by Diane Dierks, LMFT | Jun 7, 2021 |
I’ve been working in the divorce field in some capacity for 30 years now. I’ve seen a huge change in how things work in the court system, starting in the 90s, moving into the early 2000s, and now into the teens and twenties. It’s been a real developmental journey. I’m almost tempted to say the teenage years were the worst, and I welcome the twenties, even though the brain isns’t quite finished yet! I like this metaphor, because I have grown up among others who were learning and growing as well. I have learned from my colleagues in the legal community, those in the financial field, and definitely from all those who are brave enough in the mental health realm to tackle the tough problems of high conflict co-parents, parental alienation, and how to embrace attorneys who are too often seen as the enemies.
When I went through my own divorce in 1990, we did not have any money, so my neighbor across the street who was a real estate attorney offered to do a non-contested divorce for free, and we jumped at the chance. The “parenting plan” was represented by one line in the divorce decree that simply said: Parties will negotiate reasonable visitation. That’s enough for most of us now to cringe as we know what problems that would likely cause in the future. However, I think my ex-husband and I muddled through because we did not see litigation as an option. That was in the infancy stage of divorce history when dads were still given every other weekend because he was the one with the stable job and needed to be focused on that Monday through Friday. It took a while for custody decisions to catch up with the culture of women working just as hard as men and men having critical value to offer their children. Likewise, it has taken awhile for the mental health community to catch up with the current cultural mode in which if there is a house to mortgage, an inheritance to tap into early, or a line of credit to access, one must fight for the children or risk being seen as a deadbeat parent. Sadly, kids don’t understand what it means to “fight for” children because they just don’t want to be fought about. But that’s a subject for another article. My point is that we have come a long way, I think, in accepting these cultural changes, and I am proud of all who have worked to meet and respond to cultural needs, rather than try to fight against them. We have been trail blazers of sorts, and I love the job I have now in mentoring and supervising the younger ones who are so eager to meet the challenge of these families and help them affirm children’s rights and well-being.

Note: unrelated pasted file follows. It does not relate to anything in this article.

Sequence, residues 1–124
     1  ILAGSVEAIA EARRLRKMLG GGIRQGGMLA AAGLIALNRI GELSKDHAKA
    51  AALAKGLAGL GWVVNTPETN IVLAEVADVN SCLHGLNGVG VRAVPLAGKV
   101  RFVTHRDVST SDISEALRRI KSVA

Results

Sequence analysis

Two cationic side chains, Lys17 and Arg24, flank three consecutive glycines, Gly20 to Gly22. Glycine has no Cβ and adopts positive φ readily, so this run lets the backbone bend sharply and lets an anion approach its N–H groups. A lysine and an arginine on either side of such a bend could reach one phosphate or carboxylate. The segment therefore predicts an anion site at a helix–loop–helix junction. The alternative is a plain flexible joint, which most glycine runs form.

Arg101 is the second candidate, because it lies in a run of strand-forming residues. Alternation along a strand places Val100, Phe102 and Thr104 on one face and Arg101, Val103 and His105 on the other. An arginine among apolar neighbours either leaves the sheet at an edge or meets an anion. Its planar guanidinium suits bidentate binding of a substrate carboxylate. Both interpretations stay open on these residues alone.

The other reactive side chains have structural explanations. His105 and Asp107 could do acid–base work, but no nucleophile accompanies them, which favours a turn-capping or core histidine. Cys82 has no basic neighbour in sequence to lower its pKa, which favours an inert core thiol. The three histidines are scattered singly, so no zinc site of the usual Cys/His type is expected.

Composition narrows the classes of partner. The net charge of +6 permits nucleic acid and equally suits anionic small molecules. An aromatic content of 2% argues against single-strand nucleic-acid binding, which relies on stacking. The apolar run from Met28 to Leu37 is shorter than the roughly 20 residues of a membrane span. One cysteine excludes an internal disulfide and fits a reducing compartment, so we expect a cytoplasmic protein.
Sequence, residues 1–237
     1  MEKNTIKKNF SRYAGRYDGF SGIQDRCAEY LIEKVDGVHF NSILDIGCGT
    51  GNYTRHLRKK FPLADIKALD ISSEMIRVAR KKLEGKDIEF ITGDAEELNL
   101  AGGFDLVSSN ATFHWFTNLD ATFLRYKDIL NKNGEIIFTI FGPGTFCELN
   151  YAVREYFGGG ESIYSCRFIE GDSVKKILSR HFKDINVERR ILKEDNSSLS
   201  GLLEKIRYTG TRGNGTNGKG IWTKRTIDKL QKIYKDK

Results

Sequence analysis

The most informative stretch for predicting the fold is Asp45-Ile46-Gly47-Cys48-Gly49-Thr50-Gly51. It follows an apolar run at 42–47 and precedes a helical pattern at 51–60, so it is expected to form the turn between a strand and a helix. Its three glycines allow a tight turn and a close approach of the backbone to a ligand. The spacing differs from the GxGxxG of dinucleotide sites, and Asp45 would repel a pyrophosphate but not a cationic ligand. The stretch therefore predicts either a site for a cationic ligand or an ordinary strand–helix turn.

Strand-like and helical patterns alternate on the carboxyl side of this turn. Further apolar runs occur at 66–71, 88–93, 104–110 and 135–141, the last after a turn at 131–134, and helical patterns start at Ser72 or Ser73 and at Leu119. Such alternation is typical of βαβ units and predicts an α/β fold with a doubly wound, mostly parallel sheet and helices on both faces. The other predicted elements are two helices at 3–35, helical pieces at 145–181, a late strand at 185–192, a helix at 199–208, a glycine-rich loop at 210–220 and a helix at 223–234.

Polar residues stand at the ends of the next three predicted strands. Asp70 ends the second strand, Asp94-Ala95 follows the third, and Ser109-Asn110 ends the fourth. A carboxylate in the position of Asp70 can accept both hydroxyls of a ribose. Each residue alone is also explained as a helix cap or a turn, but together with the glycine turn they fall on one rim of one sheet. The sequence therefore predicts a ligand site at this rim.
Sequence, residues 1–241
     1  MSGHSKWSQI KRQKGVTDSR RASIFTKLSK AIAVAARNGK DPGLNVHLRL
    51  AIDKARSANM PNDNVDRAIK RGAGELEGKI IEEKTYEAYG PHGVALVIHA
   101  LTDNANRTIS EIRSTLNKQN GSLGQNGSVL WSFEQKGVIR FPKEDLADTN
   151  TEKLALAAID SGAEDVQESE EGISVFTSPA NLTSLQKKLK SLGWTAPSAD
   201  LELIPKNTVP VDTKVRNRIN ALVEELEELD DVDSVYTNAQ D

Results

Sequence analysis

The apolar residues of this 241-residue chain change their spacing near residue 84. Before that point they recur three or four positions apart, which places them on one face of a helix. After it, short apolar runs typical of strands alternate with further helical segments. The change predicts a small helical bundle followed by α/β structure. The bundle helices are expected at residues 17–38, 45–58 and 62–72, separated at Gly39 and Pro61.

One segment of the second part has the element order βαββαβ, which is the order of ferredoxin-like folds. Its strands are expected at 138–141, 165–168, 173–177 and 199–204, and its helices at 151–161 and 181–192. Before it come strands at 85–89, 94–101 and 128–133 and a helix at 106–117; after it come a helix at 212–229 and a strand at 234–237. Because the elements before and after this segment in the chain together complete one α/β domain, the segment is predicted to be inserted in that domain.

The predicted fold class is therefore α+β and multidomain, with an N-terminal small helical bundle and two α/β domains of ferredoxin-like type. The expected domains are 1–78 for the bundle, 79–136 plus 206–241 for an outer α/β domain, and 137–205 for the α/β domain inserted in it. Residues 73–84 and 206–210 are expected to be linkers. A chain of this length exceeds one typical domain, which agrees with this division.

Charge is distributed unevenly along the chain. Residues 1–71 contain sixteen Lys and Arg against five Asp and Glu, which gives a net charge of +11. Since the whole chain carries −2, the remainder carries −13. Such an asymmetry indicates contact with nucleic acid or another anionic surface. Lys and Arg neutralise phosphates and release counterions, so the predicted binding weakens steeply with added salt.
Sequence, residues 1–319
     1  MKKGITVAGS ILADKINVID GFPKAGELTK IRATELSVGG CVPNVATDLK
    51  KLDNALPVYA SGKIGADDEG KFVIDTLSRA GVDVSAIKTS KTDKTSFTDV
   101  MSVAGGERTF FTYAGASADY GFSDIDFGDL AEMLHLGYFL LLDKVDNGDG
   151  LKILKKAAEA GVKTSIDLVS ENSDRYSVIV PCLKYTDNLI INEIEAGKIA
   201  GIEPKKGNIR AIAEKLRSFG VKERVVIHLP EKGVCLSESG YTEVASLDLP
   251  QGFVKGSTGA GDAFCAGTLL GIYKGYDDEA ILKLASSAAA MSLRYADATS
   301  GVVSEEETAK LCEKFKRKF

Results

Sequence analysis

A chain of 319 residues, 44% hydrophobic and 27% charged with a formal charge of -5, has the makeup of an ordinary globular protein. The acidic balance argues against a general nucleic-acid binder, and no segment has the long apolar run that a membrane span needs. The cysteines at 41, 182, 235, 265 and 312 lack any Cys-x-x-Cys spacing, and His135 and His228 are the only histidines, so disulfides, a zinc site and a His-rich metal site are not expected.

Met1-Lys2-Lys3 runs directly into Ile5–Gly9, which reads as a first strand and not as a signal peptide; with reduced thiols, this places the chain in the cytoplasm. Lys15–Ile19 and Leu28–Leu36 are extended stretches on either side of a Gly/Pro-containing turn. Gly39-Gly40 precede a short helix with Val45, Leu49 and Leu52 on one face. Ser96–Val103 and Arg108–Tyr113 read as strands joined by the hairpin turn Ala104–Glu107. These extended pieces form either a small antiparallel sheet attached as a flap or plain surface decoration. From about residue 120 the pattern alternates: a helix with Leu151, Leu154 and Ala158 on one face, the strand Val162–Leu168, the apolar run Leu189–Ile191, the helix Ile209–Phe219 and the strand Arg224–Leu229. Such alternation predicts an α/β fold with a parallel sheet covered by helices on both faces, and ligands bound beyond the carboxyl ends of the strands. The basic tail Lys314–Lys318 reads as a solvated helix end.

This month, I am excited that we have hired two new parenting coordinators and two new therapists who will be focusing on reunification cases. We have added a new service (Short-Term Parenting Coordination) as a six-session, non-confidential, assessment intervention for co-parents who are in the midst of litigation and need help, so the attorneys and GALs can do their jobs. We did this because we listened to those in the legal community who seemed frustrated with our therapeutic ethics. I love that you are listening to us, so I felt we needed to listen to you and adjust our processes to work better with the court’s. I hope all of us will get better at listening and adjusting. To those in the legal community, I ask that you keep telling us what you want so we can work together, but also understand when we must balance that with our clients’ mental health. To those in the mental health community, I urge you to overcome your fear of legal intervention. It’s here to stay. Instead of shying away from anything legal, learn about it and find out how to add value to it through additional training and listening. We can’t change this often frustrating culture of litigation, but we can certalinly work within it to create better outcomes. Thank you for your courage to change the things we can.